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The History of Industrial Development and Toolmaking in US

  1878 - Industrial History of United States by Albert S. Bolles    


Nature has fitted the United States to become the centre of a great iron industry by the lavish endowment of her territory with all the materials required in the production and manufacture of that superiority valuable metal. Iron, coal, and limestone are found in every part of United States of our domain; and, in the region lying east of the Rocky Mountains, the country is so full of them as to present the appearance tries in rich geologically of a gigantic basin filled to the rim with mineral treasures.

It is said, by those who have examined the mineral resources of other countries, that, were the coal of the rest of the world deposited within the iron rim of this great basin, it would not occupy one-quarter of the area of our own coal-fields.

What is true of coal is true of iron, which, by the help of coal, will be utilized still more extensively in the future of the world for the purposes of man. The deposits of the ore in this country exist in such enormous quantity as fairly to stagger the imagination.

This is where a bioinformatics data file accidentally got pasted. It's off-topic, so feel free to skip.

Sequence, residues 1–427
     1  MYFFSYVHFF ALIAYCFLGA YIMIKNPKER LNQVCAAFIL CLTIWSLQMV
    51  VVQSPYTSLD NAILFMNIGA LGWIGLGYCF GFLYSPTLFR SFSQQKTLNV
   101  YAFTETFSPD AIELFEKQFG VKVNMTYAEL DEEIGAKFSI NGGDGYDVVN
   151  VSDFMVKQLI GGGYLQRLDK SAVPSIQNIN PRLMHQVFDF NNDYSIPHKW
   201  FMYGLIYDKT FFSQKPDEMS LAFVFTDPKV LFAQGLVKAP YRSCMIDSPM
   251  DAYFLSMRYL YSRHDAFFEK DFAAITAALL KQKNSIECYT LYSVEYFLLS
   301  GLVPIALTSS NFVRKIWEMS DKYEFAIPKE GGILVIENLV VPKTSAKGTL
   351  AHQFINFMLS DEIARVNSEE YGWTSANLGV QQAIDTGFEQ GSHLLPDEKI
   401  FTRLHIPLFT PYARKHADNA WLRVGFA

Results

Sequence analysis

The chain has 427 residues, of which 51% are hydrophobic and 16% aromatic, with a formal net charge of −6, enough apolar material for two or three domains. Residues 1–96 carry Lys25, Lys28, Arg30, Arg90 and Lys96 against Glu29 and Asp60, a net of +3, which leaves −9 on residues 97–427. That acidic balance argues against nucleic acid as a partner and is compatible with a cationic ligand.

The ores are more accessible than in England, which now supplies half the iron consumed by the world; and they exist in close proximity to the coal and limestone used in extracting the metallic iron from them.  Their abundance insures to the United States the ability to supply, not only its own people, but the world at large, with all the iron that could be consumed for centuries to come, if it were necessary to do so.

There appears to be no other country so fortunately endowed with respect to iron and coal.  England, now the resource of Europe and Asia, and once of America, supplies at present half the iron and coal of the world; but her mines are deep and difficult, and costly to work, while in the United States they lie upon the top of the ground, or near it. 

Sweden, with an inexhaustible supply of the richest and best ore, has no coal. Russia, Austria, Italy, Algiers, and some of the German States, have ore, but no coal. France is deficient in coal, and only maintains her iron manufacture by importing both coal and iron.  Prussia has a sufficient supply of both materials for her own needs, but has little surplus.

Brazil has iron, but very little coal, and can only manufacture her ore by burning her forests in her furnaces, and cannot, therefore, long maintain a competition with a country whose very foundations are planted on beds of coal, if, indeed, she can ever seriously enter into one. Spain has iron and coal ; but they are widely separated, and little has been done to utilize either.

The United States, on the other hand, not only enjoys incalculable supplies of the best ores, and of coal and limestone, but in some States as in Ohio, Pennsylvania, Alabama, and Kentucky is able to point to all these materials so close together, that they exist within a radius of a mile and a half of the furnace, all lying on or near the surface of the ground.

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